Table of Contents

Section Title Page Action Price
About the author i
Introduction 1
1 | Paradigm found: in search of the Washington Consensus 9
What was the Washington Consensus? 9
The historical roots of the free market reformation 14
Democratization, economic crisis and economic reform 17
Political order, economic crises and the new economic narrative 22
Conclusion 29
2 | The organic intellectuals of the Washington Consensus 31
The power of international financial institutions 31
The changing role of the World Bank and the International Monetary Fund 33
Imposition, persuasion and consent 36
The limits and impact of the IMF’s and the WB’s policy prescriptions 44
Conclusion 49
3 | The ascent of free market economics: an economic reformation with popular support? 51
Presidential mandates and the politics of reform 52
The institutional underpinnings of free market reforms 55
The role of interests in processes of reform 58
Sources of popular support for the reforms 63
New relations between the state and society 66
Conclusion 71
4 | Democracy and its promises 73
The rebirth of democracy 75
The new democratic compact 78
Civil society, political parties, the left and the return to democracy 82
The new liberal democratic culture 86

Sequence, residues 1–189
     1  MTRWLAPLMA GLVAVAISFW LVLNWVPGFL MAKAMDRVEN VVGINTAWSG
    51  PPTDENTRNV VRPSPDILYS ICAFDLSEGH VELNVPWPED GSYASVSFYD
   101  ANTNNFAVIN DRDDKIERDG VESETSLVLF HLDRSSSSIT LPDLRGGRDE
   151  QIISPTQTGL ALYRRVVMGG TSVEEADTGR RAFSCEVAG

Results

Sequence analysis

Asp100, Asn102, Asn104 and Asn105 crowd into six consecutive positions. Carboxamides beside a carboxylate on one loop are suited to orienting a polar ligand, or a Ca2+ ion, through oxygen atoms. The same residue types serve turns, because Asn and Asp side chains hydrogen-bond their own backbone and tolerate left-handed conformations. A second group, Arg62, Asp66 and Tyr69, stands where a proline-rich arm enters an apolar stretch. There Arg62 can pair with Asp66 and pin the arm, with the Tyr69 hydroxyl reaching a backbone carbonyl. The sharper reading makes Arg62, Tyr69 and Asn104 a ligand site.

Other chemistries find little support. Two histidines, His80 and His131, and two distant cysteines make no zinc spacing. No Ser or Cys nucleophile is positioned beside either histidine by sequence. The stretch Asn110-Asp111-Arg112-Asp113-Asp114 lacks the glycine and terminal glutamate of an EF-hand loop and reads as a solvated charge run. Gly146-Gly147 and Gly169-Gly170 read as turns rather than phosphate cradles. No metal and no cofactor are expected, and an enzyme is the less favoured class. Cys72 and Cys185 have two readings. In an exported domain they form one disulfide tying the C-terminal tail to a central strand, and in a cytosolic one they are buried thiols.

The underside of democracy 89
Conclusions 96
5 | Democracy and markets: contestation and consent 98
Democracy, conflict and accommodation 98
The weakening of contestation from below 102
The mediating role of political institutions 108
Conclusions 117
6 | Paradigm lost: the unravelling of the Washington Consensus 121
The Miami consensus and the Tequila crisis 121
The Washington Consensus reassessed: the view from within 124
The social question and the halt in economic growth 129
The case of Argentina 133
The blame game 136
Conclusions 140
7 | The opening of a paradigm: growth, equity and democracy 142
A changing paradigm 143
The intellectual roots of the PWC 145
The World Bank’s and the International Monetary Fund’s new approaches to development 148
New wine in old bottles? 154
The reframing of development: ECLAC and the IADB 158
The politics of the new development agenda 161
Conclusions 163
8 | The rise of the left 168
A change in Latin America’s political landscape? 168
The social democratic, populist and grassroots lefts 170
The rise of the left 178
Democracy, representation and varieties of the left 185
Table 8.1 Forms of political representation 193
Conclusions 194
9 | Left governments and the deepening of democracy 197
Democratizing democracy 197
Chávez’s Venezuela: the politics of polarization 200
Lula da Silva’s Brazil: the politics of accommodation 211
Comparing Venezuela and Brazil 219
Conclusions 222
10 | Left governments, economic constraints and policy choices 225
International and domestic constraints 225
Ideas, interests and policy choices 228
Brazil: keeping the confidence of the markets and the support of the people 232
The return of the repressed: national-popular politics and policies 241
Conclusions 247
Conclusions 250
Notes 256
Notes to chapter 1 256
Notes to chapter 2 256
Notes to chapter 3 257
Notes to chapter 4 258
Notes to chapter 5 258
Notes to chapter 6 259
Notes to chapter 7 260
Notes to chapter 8 262
Notes to chapter 9 264
Notes to chapter 10 265
Bibliography 267
Index 295